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AP Statistics
6.1B Notes
Standard Deviation (and Variance) of a Discrete Random Variable
The variance of a random variable is an average of the squared deviation  xi   x  of the values of the
2
variable X from its mean  x . To get the standard deviation of a random variable, we take the square root of
the variance. The standard deviation of a random variable X is a measure of how much the values of the
variable tend to vary, on average, from the mean  x .
Suppose that X is a discrete random variable whose probability distribution is
Value:
…
x1
x2
x3
Probability:
p1
p2
p3
…
and that  x is the mean of X. the variance of X is
Var(X)   x2   x1   x  p1   x2   x  p2   x3   x  p3  ...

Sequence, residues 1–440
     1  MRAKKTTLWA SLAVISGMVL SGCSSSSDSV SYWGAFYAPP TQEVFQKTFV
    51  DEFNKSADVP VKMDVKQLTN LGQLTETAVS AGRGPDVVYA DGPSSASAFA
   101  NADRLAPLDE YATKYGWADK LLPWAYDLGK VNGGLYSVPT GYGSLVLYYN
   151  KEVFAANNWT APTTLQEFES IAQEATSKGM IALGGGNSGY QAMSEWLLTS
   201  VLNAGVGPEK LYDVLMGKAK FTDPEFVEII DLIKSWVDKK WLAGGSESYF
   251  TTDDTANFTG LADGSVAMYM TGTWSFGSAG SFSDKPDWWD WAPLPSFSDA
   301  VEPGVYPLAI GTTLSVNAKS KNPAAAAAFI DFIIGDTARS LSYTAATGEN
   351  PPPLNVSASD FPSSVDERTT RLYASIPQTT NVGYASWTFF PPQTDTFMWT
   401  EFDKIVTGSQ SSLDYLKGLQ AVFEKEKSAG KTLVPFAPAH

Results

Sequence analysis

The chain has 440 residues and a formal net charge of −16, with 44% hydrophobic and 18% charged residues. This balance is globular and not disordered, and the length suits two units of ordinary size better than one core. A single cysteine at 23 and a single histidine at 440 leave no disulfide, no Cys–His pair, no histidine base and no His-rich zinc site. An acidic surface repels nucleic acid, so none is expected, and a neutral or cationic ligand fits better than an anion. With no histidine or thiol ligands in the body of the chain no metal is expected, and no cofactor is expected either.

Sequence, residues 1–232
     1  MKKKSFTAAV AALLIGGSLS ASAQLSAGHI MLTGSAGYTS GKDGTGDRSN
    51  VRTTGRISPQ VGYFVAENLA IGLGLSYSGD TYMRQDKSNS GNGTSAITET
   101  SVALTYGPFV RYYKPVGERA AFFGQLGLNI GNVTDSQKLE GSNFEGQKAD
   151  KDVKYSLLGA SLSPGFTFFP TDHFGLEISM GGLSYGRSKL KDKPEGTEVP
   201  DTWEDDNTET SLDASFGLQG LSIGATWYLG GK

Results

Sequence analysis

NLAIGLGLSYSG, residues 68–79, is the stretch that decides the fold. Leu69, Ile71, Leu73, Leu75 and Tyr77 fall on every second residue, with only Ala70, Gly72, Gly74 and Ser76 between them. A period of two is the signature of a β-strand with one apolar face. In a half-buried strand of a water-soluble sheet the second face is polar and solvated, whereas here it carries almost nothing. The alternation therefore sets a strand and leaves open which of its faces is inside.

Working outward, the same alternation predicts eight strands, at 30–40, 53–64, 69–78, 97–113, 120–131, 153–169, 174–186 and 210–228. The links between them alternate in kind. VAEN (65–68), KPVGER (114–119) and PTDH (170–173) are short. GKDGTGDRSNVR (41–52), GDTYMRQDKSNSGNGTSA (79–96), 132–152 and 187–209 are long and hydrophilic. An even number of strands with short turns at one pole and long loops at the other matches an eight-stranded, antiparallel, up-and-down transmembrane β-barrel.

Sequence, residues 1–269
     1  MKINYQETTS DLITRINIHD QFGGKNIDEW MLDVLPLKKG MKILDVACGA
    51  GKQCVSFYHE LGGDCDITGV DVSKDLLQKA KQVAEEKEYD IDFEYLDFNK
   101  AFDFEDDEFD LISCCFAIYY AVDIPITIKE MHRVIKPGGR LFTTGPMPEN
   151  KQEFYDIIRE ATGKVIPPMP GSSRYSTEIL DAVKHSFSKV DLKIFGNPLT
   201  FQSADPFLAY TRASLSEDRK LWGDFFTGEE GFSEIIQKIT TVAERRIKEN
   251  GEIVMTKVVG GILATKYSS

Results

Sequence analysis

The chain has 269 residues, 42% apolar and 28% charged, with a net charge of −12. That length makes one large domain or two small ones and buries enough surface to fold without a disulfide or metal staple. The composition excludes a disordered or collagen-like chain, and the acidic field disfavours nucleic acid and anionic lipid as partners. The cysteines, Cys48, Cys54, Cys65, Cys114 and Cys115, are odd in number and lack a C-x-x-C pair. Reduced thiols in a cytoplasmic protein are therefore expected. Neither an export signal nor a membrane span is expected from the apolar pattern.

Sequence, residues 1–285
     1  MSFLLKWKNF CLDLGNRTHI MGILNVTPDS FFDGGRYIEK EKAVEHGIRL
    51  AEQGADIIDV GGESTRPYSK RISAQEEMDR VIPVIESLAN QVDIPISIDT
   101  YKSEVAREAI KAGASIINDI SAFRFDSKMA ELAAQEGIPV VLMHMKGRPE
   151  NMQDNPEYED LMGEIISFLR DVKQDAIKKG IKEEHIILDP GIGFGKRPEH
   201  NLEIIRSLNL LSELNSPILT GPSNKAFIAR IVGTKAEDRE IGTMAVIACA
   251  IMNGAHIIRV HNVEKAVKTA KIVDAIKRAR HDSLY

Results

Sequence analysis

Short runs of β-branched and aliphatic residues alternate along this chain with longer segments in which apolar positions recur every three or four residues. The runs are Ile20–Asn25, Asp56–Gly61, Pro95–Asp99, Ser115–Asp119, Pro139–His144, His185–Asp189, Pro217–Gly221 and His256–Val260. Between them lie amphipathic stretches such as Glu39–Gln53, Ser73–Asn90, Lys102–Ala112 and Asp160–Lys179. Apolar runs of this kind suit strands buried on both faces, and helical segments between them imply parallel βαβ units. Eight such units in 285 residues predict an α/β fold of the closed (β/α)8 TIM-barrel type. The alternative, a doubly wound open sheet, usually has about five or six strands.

2
2
2
=  xi   x  pi
2
The standard deviation of X,  x is the square root of the variance.
Example
A large auto dealership keeps track of sales made during each hour of the day. Let X = the number of cars sold
during the first hour of business on a randomly selected Friday. Based on previous records, the probability
distribution of X is as follows:
Cars sold
0
1
2
3
Probability
0.3
0.4
0.2
0.1
1. Compute and interpret the mean of X.
2. Compute and interpret the standard deviation of X.
Continuous Random Variables
A continuous random variable X takes all values in an interval of numbers. The probability distribution of X is
described by a density curve. The probability of any event is the area under the density curve and above the
values of X that make up the event.
The probability distribution for a continuous random variable assigns probabilities to intervals of outcomes
rather than to individual outcomes. In fact, all continuous probability models assign probability 0 to every
individual outcome. Only intervals of values have positive probability.